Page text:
Oracle is now slowly beginning to re-brand Sun certifications. The certification hierarchy for EE 6 now aligns more with Oracle’s vision of certifications by introducing sub categories and clubbed certification packages ( you become a master when you complete all the certifications in a package ).
A detailed FAQ is now available on the Oracle blog about what changes are taking place and why. The things to look out for are
- The Sun brand of certification
- Procedure to buy exam vouchers
- Changes to certification objectives
- Changes to the procedure used to certify
The FAQ covers some of the points mentioned above. If you are preparing for an existing certification, there is no point waiting for changes. Like the fate of all Sun related projects, certifications will also evolve and time will tell what it looks like a few months from now.
Nautilus SVN, the SVN client for linux had moved to RabbitVCS a few months back. From what I have read so far, the new client, while plugging into the old Nautilus manager, performs much better and does not hang up when the number of files to manage is on the rise.
RabbitVCS differs from Nautilus by attempting to have a pluggable interface for many types of source control systems. So SVN is just the beginning. You can check out the screenshots and install it on your favorite linux distro. Here are a few teasers
Commit with the Rabbit:
I logged into a gmail inbox today, surprised to find ‘Google Buzz’ asking me if I wanted in. I clearly said ‘No’. Not yet another social network. pfft. So after I said ‘No’ there it was sitting comfortably on the navigation bar and telling me people were following me and I could follow them.
There is a small link on the bottom of your Gmail page that says ‘turn off buzz‘. Click on that and you get disconnected from the social network. I wonder what google plans for Orkut.
After project owners were asked to move out of kenai.com, Oracle now admits that it did a poor job at communicating its plans for the project. An updated post from Oracle says that the future of kenai.com projects is secure. Those projects will be migrated to java.net and continued as is. Here is an extract from the post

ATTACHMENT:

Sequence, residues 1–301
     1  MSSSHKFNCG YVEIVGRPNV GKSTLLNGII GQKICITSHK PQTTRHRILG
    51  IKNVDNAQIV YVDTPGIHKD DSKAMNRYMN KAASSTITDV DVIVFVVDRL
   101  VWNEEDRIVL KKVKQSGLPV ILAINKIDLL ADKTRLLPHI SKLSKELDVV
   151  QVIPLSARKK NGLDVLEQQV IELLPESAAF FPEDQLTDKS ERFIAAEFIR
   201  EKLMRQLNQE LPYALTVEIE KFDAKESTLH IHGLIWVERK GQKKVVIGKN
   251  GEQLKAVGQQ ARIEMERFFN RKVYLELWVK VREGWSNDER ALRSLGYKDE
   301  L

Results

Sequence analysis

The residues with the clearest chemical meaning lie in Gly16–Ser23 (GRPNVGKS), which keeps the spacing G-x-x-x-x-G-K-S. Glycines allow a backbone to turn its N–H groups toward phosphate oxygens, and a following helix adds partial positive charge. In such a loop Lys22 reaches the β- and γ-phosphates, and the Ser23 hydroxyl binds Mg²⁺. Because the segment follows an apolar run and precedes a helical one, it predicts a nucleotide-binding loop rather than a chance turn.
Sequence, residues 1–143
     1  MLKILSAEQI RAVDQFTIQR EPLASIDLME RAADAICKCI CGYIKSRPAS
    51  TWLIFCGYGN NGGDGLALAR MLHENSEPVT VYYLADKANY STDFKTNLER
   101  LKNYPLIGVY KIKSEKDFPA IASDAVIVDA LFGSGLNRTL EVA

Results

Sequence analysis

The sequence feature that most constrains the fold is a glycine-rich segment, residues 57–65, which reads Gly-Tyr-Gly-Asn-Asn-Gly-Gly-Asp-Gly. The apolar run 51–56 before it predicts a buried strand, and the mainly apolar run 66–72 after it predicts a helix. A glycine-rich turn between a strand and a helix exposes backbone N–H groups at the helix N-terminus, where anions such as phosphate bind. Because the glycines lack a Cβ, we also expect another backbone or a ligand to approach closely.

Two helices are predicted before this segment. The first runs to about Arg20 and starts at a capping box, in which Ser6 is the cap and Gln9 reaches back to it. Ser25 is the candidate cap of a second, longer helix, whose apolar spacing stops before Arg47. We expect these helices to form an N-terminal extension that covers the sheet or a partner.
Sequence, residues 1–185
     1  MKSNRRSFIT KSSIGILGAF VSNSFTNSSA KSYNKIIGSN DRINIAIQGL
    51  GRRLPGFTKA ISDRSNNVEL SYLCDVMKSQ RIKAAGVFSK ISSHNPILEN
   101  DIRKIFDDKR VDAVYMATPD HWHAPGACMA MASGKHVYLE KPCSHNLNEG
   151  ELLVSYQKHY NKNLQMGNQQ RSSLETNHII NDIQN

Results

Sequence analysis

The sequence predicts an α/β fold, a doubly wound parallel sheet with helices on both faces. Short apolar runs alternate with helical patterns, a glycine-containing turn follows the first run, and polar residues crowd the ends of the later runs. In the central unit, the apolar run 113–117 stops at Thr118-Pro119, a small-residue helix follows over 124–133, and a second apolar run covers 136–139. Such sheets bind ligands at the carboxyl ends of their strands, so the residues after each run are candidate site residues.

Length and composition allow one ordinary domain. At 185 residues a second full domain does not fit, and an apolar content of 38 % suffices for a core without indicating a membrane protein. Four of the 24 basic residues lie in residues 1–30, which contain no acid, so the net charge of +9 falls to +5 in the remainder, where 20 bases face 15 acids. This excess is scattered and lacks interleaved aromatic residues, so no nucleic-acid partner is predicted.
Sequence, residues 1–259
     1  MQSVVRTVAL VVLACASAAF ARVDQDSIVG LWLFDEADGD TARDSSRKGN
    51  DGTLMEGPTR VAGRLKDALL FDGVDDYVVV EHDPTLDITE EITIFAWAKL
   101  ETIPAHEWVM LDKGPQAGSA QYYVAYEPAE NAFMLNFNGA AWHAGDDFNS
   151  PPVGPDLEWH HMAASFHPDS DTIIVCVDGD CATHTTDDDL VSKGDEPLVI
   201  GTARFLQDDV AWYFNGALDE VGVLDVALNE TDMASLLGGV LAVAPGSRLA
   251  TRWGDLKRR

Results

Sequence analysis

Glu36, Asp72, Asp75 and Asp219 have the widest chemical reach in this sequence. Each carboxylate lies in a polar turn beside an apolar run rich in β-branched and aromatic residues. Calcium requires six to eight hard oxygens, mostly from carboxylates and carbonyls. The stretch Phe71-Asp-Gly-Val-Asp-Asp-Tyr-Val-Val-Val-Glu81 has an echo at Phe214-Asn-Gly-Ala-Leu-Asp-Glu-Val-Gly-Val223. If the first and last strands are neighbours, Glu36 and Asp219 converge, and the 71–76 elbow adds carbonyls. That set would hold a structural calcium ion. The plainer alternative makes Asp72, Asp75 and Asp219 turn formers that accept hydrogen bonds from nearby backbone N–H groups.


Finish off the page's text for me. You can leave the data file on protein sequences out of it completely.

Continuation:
We don’t believe it makes sense to continue investing in multiple hosted development sites that are basically doing the same thing. Our plan is to shut down kenai.com and focus our efforts on java.net as the hosted development community. We are in the process of migrating java.net to the kenai technology. This means that any project currently hosted on kenai.com will be able to continue as you are on java.net. We are still working out the technical details, but the goal is to make this migration as seamless as possible for the current kenai.com projects
I ran into a weird little error while trying to tune the performance of a query in the oracle database. A table had an index on a VARCHAR2 column. After a fair number of inserts were made the population of this table grew to 1.5 million records. A query that did an join on the VARCHAR2 column was talking ages to get the results. Well, it was taking 900ms actually but the SLA for the API call is way below that.
An “explain plan for QUERY” statement was run followed by a select from plan_details. It turns out the index is never used and a full table scan was used to get the data. Hence the problem.